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When using audio in your experiment, especially when presenting time-critical stimuli, special care should be taken to optimize the audio settings on multiple levels (hardware, OS, script), as many things can go wrong along the way.

This page outlines some best practices, however we advise to always consult a TSG member if you plan to run an audio experiment in the labs.


When recording audio for stimuli material or as input for your experiment, please:

  • Use a high quality microphone, with a polar pattern suitable for your application.
  • Use a high quality recorder or audio interface, capable of recording at 24bit and 48kHz or higher.
  • Place the microphone at an appropriate distance from your subject. Set the levels so the audio does not clip (exceeding maximum volume).
  • Record in a quiet environment.

You can use our Sound Recording Labs for high quality voice recording.


We recommend using Audacity for editing and converting audio files. Audacity is open-source and fairly easy to use, available here:

Export Settings

We recommend using the following export settings:

  • File format: .wav (PCM).
  • Sample Frequency: 44.1kHz.
  • Bit depth: 16 bit.

The Lab Computer audio output is also set to 16 bit, 44.1kHz. We found that this is good enough for most applications; higher settings will increase file size with limited perceivable quality gains.

When using multiple audio files in your experiment, make sure they all use the same settings for consistent playback in your experiment.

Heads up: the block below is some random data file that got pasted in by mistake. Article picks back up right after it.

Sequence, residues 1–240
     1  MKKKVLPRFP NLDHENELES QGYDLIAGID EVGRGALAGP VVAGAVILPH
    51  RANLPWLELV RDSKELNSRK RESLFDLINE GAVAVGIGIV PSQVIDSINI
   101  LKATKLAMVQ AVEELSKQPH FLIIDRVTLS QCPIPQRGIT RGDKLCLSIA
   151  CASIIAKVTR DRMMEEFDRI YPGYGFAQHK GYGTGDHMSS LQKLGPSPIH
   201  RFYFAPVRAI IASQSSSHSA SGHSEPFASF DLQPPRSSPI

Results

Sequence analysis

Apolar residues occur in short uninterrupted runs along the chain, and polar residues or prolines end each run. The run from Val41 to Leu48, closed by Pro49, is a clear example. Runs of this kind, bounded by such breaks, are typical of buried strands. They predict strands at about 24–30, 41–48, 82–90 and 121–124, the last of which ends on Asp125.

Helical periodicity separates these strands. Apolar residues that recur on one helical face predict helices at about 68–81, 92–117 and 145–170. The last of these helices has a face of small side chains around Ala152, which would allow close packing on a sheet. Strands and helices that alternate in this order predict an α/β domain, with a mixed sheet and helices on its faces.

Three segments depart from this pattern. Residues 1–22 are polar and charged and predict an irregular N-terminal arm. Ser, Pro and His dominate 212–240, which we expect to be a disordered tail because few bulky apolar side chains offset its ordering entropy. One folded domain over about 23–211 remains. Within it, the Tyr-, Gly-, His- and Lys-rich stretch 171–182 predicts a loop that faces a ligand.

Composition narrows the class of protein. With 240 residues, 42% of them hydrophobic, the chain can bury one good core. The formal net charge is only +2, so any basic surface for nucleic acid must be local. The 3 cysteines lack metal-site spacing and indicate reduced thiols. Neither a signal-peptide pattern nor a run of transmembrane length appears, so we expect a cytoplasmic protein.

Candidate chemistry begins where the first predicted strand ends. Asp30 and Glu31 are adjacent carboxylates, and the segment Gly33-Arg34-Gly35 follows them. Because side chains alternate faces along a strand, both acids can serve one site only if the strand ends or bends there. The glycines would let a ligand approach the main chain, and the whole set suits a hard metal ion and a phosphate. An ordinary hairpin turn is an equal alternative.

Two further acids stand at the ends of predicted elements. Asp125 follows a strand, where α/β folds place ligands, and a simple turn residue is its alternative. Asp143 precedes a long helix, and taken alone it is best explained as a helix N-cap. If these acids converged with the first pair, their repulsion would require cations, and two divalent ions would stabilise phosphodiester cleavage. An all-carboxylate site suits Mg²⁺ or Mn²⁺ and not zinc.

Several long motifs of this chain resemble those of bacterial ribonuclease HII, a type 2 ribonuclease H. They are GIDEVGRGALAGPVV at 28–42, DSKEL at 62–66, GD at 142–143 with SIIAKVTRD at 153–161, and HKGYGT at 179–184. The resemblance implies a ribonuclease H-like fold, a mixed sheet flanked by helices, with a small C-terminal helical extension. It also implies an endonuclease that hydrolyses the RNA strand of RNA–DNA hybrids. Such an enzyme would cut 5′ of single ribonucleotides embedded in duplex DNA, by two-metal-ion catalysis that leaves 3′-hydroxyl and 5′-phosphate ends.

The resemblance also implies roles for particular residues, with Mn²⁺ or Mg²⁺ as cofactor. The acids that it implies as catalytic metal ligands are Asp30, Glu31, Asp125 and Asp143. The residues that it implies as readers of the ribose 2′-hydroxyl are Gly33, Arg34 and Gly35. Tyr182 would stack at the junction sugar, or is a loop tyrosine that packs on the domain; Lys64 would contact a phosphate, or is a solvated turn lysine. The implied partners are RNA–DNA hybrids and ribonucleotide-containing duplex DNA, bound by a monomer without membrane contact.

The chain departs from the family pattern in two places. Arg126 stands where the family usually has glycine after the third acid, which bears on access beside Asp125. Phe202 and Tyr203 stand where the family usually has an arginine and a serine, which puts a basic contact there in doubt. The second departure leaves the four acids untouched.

In Audacity, you can set up Macros to automate processing and exporting your audio files:

Windows Settings

Windows 10 has a habit of automatically enabling audio enhancements when connecting new speakers or headphones. These "enhancements" can distort your audio and cause timing issues. Therefore, please make sure they are turned off:

  1. Right click sound icon on taskbar (next to clock) -> Sounds
  2. Goto Playback tab. Select your audio output device and click "Properties"
  3. Goto Enhancements tab. Make sure "Disable all enhancements" is checked.
  4. Click Apply.



This is an example of a Python script that plays a .wav file with high time accuracy.

 1from psychopy import sound, core
 2from psychopy import prefs
 3prefs.hardware['audioLib'] = ['PTB']
 5# Path to audio file
 6audio_file = "voice.wav"
 8# Load audio
 9# preBuffer – integer to control streaming/buffering -1 means store all 
10audio = sound.Sound(audio_file,preBuffer=-1)
12# Play audio
15# Wait for audio to finish playing
18# Close audio